As described in the Company’s Current Report on Form 8-K filed January 24, 2017, on January 22, 2017, the Audit Committee of our Board of Directors (the “Audit Committee”) and the full Board of Directors, after discussion with Company management and Ernst & Young LLP, our independent registered public accounting firm, determined that the audited consolidated financial statements as of and for the years ended December 31, 2015 and 2014 included in our Annual Report on Form 10-K for the year ended December 31, 2015 and the unaudited condensed consolidated financial statements as of and for the three and nine months ended September 30, 2016 and 2015 included in the Company’s Quarterly Report on Form 10-Q for the quarterly period ended September 30, 2016 previously filed with the SEC should be amended to reflect the adjustments described herein.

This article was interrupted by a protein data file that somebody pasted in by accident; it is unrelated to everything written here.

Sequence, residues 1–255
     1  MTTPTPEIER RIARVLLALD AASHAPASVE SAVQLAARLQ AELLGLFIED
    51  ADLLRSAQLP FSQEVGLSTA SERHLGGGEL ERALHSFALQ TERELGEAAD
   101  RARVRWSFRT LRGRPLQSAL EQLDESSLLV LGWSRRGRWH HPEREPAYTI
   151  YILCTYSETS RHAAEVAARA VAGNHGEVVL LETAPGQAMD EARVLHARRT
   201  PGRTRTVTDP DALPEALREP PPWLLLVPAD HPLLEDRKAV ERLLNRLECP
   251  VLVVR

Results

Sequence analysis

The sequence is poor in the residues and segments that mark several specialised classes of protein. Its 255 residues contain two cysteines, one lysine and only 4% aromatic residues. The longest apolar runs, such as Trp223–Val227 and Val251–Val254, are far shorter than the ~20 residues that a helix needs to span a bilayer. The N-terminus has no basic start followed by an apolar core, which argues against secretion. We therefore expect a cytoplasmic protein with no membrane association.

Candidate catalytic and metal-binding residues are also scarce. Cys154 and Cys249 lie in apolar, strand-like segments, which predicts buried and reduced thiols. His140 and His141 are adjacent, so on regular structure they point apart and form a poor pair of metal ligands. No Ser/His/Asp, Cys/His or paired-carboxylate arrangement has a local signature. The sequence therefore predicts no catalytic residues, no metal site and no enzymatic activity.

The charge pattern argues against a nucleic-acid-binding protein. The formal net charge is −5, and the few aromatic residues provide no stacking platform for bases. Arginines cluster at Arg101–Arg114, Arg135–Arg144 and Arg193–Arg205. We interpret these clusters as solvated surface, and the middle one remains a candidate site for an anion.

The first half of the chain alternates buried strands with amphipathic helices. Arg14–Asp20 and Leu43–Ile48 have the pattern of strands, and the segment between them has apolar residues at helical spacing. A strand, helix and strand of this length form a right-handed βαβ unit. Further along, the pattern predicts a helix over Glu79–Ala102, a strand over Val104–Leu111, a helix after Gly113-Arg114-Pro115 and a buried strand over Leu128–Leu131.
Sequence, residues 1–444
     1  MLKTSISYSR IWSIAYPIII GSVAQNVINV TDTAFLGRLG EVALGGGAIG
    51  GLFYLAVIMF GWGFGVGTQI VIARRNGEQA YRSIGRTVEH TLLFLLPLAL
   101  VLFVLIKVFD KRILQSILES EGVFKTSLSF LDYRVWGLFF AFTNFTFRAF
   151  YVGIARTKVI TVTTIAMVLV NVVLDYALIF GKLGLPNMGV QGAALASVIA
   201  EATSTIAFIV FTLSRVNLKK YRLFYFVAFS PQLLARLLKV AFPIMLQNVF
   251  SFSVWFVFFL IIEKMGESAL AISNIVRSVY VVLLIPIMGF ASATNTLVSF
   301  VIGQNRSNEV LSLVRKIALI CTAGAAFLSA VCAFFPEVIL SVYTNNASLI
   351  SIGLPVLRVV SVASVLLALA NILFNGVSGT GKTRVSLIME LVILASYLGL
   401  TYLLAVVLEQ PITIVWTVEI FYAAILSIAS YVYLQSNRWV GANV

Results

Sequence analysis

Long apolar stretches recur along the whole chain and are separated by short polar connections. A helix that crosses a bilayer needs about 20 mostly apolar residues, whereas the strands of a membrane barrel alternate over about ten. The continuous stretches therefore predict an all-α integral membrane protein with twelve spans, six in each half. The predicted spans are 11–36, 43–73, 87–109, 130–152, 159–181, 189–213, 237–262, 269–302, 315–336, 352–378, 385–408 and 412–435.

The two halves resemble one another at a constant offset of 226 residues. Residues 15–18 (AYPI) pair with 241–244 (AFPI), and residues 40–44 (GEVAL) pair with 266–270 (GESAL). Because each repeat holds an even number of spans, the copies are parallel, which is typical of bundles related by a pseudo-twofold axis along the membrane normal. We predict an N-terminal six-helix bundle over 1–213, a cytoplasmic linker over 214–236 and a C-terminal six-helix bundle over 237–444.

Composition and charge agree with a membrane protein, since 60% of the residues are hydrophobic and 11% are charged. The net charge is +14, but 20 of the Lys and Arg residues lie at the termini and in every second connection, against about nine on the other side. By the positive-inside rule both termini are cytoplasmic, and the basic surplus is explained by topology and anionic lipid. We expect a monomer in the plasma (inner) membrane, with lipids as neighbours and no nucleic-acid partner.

Except as described below, this Amendment does not amend, update or change any other items or disclosures in the Original Filing and does not purport to reflect any information or events subsequent to the Original Filing Date. As such, this Amendment speaks only as of the Original Filing Date, and the Company has not undertaken to amend, supplement or update any information contained in the Original Filing to give effect to any subsequent events. Accordingly, this Amendment should be read in conjunction with the Company’s filings made with the SEC subsequent to the filing of the Original Filing, including any amendment to those filings.

Background